Halloween might technically only be one day, but pumpkin season lasts far longer. Chances are, you want your pumpkins to stay ready in good shape for decorating or simply sitting on your porch display for as much of it as possible too. How can you make a pumpkin last longer? Is there a spray that can keep it from rotting? How long will my pumpkin keep if I cut it, or don't cut it? We've got the answers to all those questions and more below.
So as you get ready for a carving session (perhaps while snacking on one of our best pumpkin recipes?), here are some tips for preventing a pumpkin from rotting while you grow it on a vine and for how to stop a harvested pumpkin—from a pumpkin patch, your garden, or a store—from turning mushy too soon. Hint: It starts with selecting a pumpkin without cuts, nicks, bruises, or smooshy spots.
How Long Do Pumpkins Last?
First up, you should know the lifespans of pumpkins vary and are affected by whether or not you cut into them. If you keep uncarved pumpkins out of the hot sun or freezing weather, you can expect them to last two to three months. As to carved pumpkins, they can last as little as a few days, so keep that in mind if you want to display your carved masterpiece on Halloween night.
How to Prevent Pumpkin Rot on the Vine
Water just until fruit appears. "Pumpkins like slightly more irrigation at the flowering stage for proper fruit development," says Patty Buskirk, lead plant breeder and horticulturist at Seeds by Design. "Keep a steady irrigation schedule until the fruit are set, then cut the water off completely when the fruit begin to turn color to reduce rotting risk."
Let nature do her thing. Pumpkins set lots of flowers then drop the fruit the plant can't sustain to maturity. It's fine to leave any mushy fruit on the vines, but gently lift the healthy pumpkins and place them on a small wooden box, straw nest, or small pallet to protect them from getting too wet, says Buskirk.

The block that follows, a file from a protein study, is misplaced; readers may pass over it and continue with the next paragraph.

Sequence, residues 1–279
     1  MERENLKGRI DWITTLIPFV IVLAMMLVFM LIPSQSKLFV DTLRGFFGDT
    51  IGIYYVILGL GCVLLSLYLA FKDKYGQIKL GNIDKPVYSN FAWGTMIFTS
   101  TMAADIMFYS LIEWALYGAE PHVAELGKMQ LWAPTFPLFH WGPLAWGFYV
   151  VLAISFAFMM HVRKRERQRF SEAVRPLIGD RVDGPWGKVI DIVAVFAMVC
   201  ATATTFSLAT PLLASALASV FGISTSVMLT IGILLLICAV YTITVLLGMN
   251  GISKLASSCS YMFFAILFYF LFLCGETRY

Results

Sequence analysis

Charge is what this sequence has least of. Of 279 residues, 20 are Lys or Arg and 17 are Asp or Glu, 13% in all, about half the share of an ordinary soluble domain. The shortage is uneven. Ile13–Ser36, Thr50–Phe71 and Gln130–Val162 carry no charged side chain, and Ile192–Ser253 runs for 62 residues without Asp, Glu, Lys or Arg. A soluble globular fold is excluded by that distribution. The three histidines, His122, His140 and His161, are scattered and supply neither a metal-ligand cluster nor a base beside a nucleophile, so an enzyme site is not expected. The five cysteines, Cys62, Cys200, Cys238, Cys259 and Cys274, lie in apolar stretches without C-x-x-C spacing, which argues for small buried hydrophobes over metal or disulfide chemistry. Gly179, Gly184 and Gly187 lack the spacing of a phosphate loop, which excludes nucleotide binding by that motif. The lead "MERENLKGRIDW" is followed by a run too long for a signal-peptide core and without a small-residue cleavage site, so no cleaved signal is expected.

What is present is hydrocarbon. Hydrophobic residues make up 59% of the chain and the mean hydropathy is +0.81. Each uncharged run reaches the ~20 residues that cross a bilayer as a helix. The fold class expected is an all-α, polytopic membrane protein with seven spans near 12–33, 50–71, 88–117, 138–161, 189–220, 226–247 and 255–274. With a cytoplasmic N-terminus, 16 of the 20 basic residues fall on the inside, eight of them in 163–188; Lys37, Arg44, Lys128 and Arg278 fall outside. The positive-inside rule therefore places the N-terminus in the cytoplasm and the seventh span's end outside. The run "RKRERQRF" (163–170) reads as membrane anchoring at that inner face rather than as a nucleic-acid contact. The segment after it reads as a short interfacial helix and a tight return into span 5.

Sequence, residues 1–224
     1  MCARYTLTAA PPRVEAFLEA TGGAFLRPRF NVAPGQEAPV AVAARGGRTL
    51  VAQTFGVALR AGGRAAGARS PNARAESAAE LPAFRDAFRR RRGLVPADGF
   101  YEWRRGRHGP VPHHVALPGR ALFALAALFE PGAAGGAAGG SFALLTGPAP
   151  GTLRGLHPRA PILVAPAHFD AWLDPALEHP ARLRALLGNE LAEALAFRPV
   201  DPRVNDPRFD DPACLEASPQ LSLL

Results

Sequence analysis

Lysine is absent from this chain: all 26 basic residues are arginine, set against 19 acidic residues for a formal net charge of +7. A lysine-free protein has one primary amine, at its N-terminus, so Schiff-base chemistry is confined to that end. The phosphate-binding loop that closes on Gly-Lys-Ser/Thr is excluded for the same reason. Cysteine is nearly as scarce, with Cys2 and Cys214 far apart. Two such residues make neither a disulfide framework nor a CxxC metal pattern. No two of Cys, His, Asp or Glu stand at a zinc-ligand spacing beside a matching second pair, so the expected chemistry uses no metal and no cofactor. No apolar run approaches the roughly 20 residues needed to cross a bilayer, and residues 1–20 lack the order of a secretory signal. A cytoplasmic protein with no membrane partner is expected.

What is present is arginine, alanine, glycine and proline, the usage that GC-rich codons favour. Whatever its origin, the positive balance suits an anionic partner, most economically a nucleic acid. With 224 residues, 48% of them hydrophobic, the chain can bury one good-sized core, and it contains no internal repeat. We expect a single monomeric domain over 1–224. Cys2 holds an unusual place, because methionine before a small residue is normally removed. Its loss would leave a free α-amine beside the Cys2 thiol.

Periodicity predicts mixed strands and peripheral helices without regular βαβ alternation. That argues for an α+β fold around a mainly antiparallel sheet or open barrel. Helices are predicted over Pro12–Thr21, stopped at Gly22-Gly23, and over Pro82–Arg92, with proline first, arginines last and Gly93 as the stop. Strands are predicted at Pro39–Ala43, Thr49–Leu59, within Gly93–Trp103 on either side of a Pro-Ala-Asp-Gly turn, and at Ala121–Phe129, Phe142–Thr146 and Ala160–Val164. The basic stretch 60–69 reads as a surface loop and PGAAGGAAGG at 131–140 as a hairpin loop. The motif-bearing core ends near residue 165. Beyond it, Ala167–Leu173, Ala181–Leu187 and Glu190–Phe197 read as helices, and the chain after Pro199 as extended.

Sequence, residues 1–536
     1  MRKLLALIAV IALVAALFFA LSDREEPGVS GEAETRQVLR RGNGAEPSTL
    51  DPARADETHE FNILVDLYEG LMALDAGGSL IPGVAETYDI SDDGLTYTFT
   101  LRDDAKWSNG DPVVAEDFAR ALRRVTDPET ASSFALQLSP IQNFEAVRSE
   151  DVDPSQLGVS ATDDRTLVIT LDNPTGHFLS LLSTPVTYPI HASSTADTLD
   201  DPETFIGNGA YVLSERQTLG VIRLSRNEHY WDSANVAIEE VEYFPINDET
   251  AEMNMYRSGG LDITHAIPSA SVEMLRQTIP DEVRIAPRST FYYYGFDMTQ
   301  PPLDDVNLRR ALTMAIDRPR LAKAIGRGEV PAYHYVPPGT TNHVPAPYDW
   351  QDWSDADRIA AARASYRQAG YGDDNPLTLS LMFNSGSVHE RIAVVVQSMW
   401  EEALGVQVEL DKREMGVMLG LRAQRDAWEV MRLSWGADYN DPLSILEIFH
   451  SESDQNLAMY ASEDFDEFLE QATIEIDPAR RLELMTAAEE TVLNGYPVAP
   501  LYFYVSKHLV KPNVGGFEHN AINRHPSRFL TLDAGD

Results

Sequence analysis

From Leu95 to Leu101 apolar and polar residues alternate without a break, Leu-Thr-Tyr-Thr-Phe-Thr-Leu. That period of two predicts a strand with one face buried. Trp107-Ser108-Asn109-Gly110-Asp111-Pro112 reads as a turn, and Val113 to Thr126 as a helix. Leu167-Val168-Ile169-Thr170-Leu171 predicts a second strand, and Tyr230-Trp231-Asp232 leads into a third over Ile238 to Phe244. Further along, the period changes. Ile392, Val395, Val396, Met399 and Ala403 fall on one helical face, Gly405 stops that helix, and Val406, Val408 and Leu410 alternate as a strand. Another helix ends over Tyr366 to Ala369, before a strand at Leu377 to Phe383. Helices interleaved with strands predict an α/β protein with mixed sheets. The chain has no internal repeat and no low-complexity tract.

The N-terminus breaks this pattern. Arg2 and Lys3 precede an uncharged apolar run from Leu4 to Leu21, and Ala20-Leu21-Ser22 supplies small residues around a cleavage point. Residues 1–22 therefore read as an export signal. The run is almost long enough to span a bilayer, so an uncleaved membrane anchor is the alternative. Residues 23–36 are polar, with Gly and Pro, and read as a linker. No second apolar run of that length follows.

Try raised beds and hills. If you have loads of problems with rotting fruit, try planting in raised bed planters or hills about 3 to 4 feet wide next year. Sow about 3 to 4 seeds per planter or hill, then thin to one or two plants. When the pumpkins are set, place the fruits up on the tops of the planters or beds, which allows the extra water to run off. In smaller gardens, you can grow pumpkins vertically on a trellis or fence, providing additional support for heavy fruit by making little hammocks from bean or pea netting.
How to Prevent Carved Pumpkins From Rotting
Wash down the outside before carving. Keep your carved pumpkin safe from squishiness by wiping down the outside with a diluted bleach solution before carving. This will remove microbes that cause decay. Remove every bit of pulp so you won't attract any bugs, then wipe down all surfaces, inside and out, after you finish your masterpiece.
Stay cool. Keep your carved pumpkin out of direct sunlight and refrigerate it for up to ten days when not on display, especially if you live in a warmer climate.
Choose battery-operated LED lights. Instead of a candle or traditional light strands, which throw too much heat and contribute to rotting, opt for flameless candles, says Buskirk.
Smear on a layer of petroleum jelly. It's not proven, but many people say applying petroleum jelly to the carved edges of your pumpkin helps retain moisture and prevent shriveling. Be sure to wash with the bleach solution first, then let dry before "moisturizing." Hey, it can't hurt!
How to Prevent Uncarved Pumpkins from Rotting
Keep mold at bay. To prevent microbes from turning your pumpkin to mush, use the bleach and water wash or dunk, cleaning all sides of your pumpkin.
Avoid freezing temperatures. Weather that's too cold can lead to decay, so avoid sticking pumpkins in the freezer or exposing them to frost. They store best at temperatures between 50 and 60 degrees F and humidity around 50 percent.
Fend off pumpkin-eaters. Unfortunately, nothing's foolproof for keeping rodents such as squirrels away because pumpkins are delectable! They actually love snacking on both carved and uncarved pumpkins. One (messy) solution you can try: Mix hot sauce with water and spray. Repeat every few days or after it's rained. It's not guaranteed, but it just may help! You can try a commercial repellant, too, but be aware they're rotten-egg-smell stinky until the spray dries.
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